HTML Layout

You may have noticed that websites may look completely different but have similar structures. Developers achieve this by locating various HTML layout elements to provide the most comfortable and intuitive layout for all users to read and scan the page.

In addition, when the HTML structure and format are consistent with the displayed content, it is conducive to the ranking of websites in search engines. In this article, we will introduce the most basic layout elements and how to use them correctly.

Layout Elements

Like any other language, HTML contains elements that have some meaning and constitute content, and elements that have no meaning but are only used to organize content. The first group refers to semantic elements, such as<- form>,<- table>, and<- article>, while the second group contains non semantic elements, such as<- div>and<- span>.

Semantic elements<- footer>such as<- header>,<- nav>,<- section>,<- article>,<- aside>define the most typical website layout. From an accessibility perspective, it is critical to respect semantics and use the right elements for the right work. It helps screen readers and other assistive technologies to identify some elements and navigate users with visual or motion impairments to the location they need, such as the main navigation or footer.


Theelement is located in the “head” of the website, representing introductory content or a set of navigation links. In general, title elements include:

  • One or more titles
  • Logo or icon
  • Author information

Remember that thiselement requires opening and closing tags. HTML pages may contain multiple elements, butcannot be located in,, or otherelements.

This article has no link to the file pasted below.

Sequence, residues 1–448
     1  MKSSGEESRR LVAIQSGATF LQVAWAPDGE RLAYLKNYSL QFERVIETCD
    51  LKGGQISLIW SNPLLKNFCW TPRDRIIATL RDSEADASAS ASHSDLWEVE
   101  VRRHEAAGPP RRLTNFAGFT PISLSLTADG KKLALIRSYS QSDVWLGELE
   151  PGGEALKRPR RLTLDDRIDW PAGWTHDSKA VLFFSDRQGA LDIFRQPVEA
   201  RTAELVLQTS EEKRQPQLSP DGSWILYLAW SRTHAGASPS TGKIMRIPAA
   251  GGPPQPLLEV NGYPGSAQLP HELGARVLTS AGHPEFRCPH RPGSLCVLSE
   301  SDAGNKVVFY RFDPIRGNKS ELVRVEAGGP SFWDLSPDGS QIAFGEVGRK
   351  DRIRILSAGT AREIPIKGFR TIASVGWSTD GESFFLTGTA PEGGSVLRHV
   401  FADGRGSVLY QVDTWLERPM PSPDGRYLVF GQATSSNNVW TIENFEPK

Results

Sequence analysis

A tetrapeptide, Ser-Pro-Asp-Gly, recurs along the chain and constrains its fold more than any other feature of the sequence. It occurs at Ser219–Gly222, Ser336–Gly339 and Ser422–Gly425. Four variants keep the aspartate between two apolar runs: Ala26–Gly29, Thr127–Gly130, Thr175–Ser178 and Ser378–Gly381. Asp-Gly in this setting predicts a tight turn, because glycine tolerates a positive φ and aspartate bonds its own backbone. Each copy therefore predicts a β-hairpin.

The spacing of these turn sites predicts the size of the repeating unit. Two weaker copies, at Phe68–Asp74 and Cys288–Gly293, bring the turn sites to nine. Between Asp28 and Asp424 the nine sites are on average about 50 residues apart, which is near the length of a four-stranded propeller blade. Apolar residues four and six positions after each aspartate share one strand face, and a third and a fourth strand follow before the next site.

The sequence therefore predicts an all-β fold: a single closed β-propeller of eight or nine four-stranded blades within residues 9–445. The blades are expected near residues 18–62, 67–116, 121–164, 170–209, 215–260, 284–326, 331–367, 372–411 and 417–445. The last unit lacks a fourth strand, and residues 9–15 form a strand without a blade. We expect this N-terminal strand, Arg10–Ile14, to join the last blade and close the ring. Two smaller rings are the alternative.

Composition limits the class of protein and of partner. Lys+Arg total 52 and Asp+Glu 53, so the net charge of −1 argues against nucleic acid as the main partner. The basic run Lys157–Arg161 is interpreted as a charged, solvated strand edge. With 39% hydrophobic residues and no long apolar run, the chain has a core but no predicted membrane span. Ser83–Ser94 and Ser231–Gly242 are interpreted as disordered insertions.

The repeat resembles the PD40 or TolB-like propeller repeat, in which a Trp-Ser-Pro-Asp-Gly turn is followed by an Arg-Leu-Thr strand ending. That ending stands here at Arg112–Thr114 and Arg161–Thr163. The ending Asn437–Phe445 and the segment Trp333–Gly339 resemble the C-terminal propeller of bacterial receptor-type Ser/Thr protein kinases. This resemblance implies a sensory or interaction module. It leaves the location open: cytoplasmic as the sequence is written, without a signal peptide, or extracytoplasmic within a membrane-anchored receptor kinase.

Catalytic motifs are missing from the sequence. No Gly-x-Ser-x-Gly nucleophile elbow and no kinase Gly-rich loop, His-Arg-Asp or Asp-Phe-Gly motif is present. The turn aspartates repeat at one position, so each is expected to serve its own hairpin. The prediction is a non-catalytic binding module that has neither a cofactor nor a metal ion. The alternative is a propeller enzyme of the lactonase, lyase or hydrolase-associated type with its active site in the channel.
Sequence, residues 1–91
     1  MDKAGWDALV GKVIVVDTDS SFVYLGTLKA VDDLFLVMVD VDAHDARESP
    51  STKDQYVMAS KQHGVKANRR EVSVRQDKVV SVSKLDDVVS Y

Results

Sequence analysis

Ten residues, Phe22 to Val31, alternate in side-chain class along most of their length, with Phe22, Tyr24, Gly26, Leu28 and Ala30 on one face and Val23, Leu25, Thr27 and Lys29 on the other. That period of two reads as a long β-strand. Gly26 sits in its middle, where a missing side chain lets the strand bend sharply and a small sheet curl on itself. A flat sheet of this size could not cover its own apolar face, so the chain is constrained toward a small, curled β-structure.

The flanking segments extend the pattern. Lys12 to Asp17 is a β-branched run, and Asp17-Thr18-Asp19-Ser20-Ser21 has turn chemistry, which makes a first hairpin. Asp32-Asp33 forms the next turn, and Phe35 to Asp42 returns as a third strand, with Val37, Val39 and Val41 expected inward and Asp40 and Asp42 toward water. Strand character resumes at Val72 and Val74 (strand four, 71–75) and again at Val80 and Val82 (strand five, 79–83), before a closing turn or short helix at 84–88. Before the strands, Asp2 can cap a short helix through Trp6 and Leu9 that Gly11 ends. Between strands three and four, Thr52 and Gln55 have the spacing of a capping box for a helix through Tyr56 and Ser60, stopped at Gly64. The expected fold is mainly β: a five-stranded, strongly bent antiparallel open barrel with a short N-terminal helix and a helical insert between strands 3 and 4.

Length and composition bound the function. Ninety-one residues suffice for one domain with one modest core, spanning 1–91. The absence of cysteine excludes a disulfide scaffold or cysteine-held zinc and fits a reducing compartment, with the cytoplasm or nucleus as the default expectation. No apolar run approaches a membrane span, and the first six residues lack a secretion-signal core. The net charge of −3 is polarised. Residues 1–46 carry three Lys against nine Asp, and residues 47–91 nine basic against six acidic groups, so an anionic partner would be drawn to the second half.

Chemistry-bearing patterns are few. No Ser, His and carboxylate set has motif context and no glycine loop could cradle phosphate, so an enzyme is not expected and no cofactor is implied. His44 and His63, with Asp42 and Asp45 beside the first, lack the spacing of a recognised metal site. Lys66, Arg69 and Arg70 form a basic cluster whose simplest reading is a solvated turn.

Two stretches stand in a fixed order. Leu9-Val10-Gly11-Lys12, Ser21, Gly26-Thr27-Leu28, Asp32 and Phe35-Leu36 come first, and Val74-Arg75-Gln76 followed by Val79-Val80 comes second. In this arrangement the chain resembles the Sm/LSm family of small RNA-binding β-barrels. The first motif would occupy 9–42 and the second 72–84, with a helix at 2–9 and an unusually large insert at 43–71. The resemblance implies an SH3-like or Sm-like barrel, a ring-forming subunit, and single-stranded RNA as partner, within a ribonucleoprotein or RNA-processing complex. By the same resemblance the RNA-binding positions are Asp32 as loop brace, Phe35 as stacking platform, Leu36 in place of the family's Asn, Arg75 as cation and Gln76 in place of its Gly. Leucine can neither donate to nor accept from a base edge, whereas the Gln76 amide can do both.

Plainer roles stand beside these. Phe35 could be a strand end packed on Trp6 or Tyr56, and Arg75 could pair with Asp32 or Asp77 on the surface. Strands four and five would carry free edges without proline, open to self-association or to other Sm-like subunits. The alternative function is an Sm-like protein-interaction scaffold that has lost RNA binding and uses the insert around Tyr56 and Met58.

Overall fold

<- nav>tag

HTML<- nav>tags represent navigation and provide navigation links, which can be used in the current document or to other pages. Typically, this<- nav>element includes menus, directories, and indexes. Same as<- header>,<- nav>needs start and end tags.

This<- nav>element should not contain all links in the web page, only the main navigation. For example,<- footer>has its own set of links and does not need to be in the<- nav>element.

<- section>label

The<- section>element represents a topic group, usually with a title. Developers use this tag to “dump” content that is not suitable for any other semantic element. For example, if the content representation provides useful information with some additional details for the main content, such as relevant links or author profiles, use this<- aside>element instead. Both the start tag and the end tag of the element are required<- section>.

<- main>tag

The element defines the most<- main>important and unique content in the page. It cannot contain duplicate elements that users can encounter throughout the site, such as navigation links, menus, site logos, and search forms.

From an accessibility perspective, the<- main>element is a prominent landmark. Simply put, this tag indicates the largest and most critical part of the page to screen reader users, so that they can skip the navigation part and jump directly to the content.

An HTML page can only contain one<- main>element, and cannot be a<- article>,<- aside>,<- footer>,<- header>, or child<- nav>element of the element.